AFSC-AZ statement on APAAC Prisoners in Arizona Report and HB2241

AFSC-AZ_logoAPAAC Stands in the Way of Real Sentencing Reform in Arizona

Media Contact: Joe Watson
Cell: 602.383.4155

Phoenix, Arizona — March 21, 2018 — The Arizona Prosecuting Attorneys’ Advisory Council (APAAC) released the newest version of their fatally-flawed Prisoners in Arizona report on Monday, the same week that a key piece of their policy agenda failed to clear a necessary hurdle in the legislative process. While APAAC claims to be “a frontrunner in criminal justice reform,” their actions at the Capitol prove the exact opposite is true.

House Bill 2241 (heroin; fentanyl; sales; mandatory prison), a key piece of APAAC’s legislative agenda, was introduced this Legislative Session. The bill would require 10 to 15 year mandatory sentences for sales of heroin and fentanyl–a bleak reversion to the failed “get-tough” approaches that have resulted in Arizona having the 4th highest incarceration rate in the country.

“Despite a well-financed and highly-choreographed lobbying effort, APAAC could not overcome the parade of public health advocates, law enforcement professionals, and actual criminal justice reformers who lined up in opposition to this counterproductive and short-sighted measure” said Caroline Isaacs, Program Director for AFSC-Arizona.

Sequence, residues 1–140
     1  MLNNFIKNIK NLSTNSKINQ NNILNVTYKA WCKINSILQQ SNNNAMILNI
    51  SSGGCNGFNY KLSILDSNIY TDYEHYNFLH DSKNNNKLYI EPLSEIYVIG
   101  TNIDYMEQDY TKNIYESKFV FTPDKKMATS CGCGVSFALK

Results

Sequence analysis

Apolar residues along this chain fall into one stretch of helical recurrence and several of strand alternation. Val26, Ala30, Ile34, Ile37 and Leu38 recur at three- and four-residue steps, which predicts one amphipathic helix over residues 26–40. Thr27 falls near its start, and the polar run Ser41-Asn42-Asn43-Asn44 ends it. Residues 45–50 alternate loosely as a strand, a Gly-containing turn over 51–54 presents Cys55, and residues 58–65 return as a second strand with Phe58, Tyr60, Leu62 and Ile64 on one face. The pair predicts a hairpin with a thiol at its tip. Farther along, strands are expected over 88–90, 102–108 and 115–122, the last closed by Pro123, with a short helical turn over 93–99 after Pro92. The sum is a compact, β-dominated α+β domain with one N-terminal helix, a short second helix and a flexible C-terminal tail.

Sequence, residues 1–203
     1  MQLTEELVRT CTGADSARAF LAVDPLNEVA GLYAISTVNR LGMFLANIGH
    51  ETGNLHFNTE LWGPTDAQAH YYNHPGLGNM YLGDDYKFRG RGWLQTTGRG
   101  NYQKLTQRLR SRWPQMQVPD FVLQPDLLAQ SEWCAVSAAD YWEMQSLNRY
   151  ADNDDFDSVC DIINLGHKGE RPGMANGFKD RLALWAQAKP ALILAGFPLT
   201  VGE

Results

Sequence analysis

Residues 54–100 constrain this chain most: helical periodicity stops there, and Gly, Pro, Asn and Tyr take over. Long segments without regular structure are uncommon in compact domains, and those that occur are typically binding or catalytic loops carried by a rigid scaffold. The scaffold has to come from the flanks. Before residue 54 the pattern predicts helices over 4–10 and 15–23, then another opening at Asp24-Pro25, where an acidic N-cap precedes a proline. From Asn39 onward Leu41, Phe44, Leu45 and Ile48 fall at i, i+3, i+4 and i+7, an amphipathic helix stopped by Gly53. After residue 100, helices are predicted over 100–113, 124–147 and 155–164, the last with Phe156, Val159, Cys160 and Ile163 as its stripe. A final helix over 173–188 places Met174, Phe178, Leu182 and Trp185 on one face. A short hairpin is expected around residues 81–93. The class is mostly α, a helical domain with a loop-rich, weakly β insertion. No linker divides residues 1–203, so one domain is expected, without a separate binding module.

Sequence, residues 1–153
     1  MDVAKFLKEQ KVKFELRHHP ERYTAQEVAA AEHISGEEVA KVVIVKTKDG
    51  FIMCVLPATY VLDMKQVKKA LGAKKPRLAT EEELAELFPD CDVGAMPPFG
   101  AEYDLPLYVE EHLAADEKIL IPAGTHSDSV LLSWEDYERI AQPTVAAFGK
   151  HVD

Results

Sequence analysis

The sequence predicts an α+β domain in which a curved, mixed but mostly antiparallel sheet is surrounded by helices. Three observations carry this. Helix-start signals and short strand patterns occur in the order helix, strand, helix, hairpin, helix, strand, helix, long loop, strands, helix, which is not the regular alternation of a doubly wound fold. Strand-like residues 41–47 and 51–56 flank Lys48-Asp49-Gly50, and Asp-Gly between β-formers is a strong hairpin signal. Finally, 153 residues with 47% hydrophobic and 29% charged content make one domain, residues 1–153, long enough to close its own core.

Meanwhile, serious methodological flaws and use of unconventional definitions make the data in the Prisoners in Arizona report, in the most generous terms, unreliable. The report has been mired in controversy since August 2017, when it was confirmed that the partisan firebrand, John R. Lott Jr., had been hired to conduct the research.

“What’s more,” said Isaacs, “is that Maricopa County Attorney Bill Montgomery funded Lott’s research through RICO (Racketeering Influenced and Corrupt Organizations Act) funds. These are public dollars that are intended for crime victim assistance, substance abuse prevention, gang violence intervention – or pretty much anything other than promoting the legislative agenda of Arizona’s elected County Attorneys.”

A look at the actions of this organization reveals that it has acted as a bulwark against the tide of reform that has been sweeping the nation. While many conservative states have taken bold action to reduce prison populations, fund community-based interventions, and implement alternatives to incarceration, APAAC has consistently worked to stall these efforts in Arizona or, as in the case of HB2241, lead the state in the opposite direction.

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